In addition to seeking a defeat of the Islamic State, the president agreed to an indefinite effort in the country with the added goal of ensuring the exit of all Iranian military and proxy forces from the war-torn nation, according to James Jeffrey, Secretary of State Mike Pompeo’s representative for Syria engagement. Jeffrey said this month that American forces would remain in the country to ensure an Iranian departure, a sentiment Bolton seemed to echo Monday.
“That means we are not in a hurry,” he said, adding that “I am confident the president is on board with this.”
The possible shift in the Trump administration’s approach came as Bolton, a long-standing Iran hawk, took over from H.R. McMaster as the president’s top national security adviser. Bolton advocated for the administration’s withdrawal from the Iran nuclear accord and criticized the Obama administration for crafting a strategy against the Islamic State that risked bolstering the position of Tehran.
“The result is that, today, as the ISIS caliphate disintegrates, Iran has established an arc of control from Iran through Iraq to Assad’s regime in Syria to Hezbollah in Lebanon,” Bolton wrote in October 2017 before joining the White House. “If this disposition of forces persists, Iran will have an invaluable geostrategic position for possible future use against Israel, Jordan or the Arabian Peninsula’s oil-producing monarchies.”
In a speech last year before he joined the White House, Bolton said the declared policy of the United States should be the overthrow of the regime in Tehran. “The behavior and the objectives of the regime are not going to change,” he said. “And therefore the only solution is to change the regime itself.” But at a briefing Monday, he said regime change in Iran is not the Trump administration’s aim. Rather, he said, the administration is seeking “massive changes” in Iran’s behavior as a result of maximum pressure from the United States.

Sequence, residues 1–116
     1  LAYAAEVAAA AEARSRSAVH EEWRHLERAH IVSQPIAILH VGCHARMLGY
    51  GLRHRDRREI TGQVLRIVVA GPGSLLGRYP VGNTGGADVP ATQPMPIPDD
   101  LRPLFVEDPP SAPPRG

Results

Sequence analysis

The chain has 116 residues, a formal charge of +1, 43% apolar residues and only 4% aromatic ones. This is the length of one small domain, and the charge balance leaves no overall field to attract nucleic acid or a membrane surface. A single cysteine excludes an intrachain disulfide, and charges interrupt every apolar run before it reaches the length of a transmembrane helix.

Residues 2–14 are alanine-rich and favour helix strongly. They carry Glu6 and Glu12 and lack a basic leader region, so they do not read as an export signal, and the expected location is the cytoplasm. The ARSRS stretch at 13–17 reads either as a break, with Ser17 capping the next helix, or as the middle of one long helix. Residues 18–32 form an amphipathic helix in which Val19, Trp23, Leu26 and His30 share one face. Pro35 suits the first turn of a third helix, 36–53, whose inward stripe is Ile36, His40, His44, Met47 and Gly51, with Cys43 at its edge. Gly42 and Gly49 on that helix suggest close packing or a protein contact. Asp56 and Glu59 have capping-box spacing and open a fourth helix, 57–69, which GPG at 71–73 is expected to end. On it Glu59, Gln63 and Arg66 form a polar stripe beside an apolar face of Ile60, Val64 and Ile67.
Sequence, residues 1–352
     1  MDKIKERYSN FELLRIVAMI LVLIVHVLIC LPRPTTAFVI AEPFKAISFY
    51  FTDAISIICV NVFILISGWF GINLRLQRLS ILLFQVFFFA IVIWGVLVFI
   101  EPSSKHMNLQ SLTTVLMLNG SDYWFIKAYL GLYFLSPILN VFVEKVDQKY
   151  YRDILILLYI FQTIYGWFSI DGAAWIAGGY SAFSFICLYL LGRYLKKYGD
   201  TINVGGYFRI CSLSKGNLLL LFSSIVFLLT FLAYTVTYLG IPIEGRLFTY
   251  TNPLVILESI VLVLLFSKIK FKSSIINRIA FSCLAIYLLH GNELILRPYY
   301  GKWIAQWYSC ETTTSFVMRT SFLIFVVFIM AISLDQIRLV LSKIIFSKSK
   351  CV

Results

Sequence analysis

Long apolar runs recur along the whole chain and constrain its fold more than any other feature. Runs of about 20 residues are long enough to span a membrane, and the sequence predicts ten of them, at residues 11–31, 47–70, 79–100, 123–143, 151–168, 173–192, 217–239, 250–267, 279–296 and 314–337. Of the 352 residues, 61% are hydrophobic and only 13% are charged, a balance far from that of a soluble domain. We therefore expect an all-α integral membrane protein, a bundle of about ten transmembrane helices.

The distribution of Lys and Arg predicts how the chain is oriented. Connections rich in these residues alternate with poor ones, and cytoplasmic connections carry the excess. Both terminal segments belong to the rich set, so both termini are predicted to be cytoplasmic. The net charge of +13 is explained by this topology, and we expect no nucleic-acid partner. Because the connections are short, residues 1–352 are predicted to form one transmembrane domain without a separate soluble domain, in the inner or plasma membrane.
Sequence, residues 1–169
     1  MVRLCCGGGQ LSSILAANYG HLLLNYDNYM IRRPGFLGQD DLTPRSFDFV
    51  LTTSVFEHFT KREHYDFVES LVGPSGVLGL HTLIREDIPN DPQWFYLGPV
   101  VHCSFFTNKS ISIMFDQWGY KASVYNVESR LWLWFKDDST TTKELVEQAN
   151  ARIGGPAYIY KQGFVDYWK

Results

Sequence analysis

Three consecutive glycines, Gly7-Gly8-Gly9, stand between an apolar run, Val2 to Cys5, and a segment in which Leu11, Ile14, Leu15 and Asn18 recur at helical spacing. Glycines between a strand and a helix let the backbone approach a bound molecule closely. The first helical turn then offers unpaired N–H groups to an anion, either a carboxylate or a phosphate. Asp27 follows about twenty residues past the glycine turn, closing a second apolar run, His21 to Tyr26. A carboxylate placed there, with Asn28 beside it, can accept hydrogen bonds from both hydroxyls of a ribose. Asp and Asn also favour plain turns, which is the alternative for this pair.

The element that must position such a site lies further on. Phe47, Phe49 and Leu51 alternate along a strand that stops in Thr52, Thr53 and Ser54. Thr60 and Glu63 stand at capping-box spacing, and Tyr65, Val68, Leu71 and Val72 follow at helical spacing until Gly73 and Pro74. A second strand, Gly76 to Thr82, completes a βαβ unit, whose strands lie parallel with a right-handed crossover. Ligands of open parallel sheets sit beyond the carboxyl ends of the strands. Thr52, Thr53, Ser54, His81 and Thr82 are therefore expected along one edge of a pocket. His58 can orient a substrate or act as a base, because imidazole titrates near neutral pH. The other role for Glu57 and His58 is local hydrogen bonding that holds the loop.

With Bolton coordinating national security policy, the Trump administration could use the approximately 2,000 American troops in Syria as leverage to blunt Iranian influence.
The legal basis the U.S. military relies on to operate in Syria is a 17-year-old law from Congress that authorized the American armed forces to go after the perpetrators of the Sept. 11, 2001, attacks, namely al-Qaeda and any associated organizations. The military considers the Islamic State, which grew out of al-Qaeda in Iraq, an associated organization. The authorization says nothing about Iran.
When asked at the Pentagon this month about the possibility of extended military presence in Syria, Mattis said the administration remained aligned on its policy but didn’t say the military had expanded its mission to include ejecting Iranian troops and militias from the country.
“We’re working in Syria,” Mattis said. “As you know, right now the authority is to go after ISIS, and that’s what we're continuing to do.”
Mattis said it was up to the president to decide whether American forces should stay in Syria longer-term as a bulwark against Iran, saying he was prepared to give his views on the matter and suggesting a decision on a longer-term presence hadn’t been made.
“I'm ready for a conversation,” Mattis said. “But that would be a decision by the president of the United States.”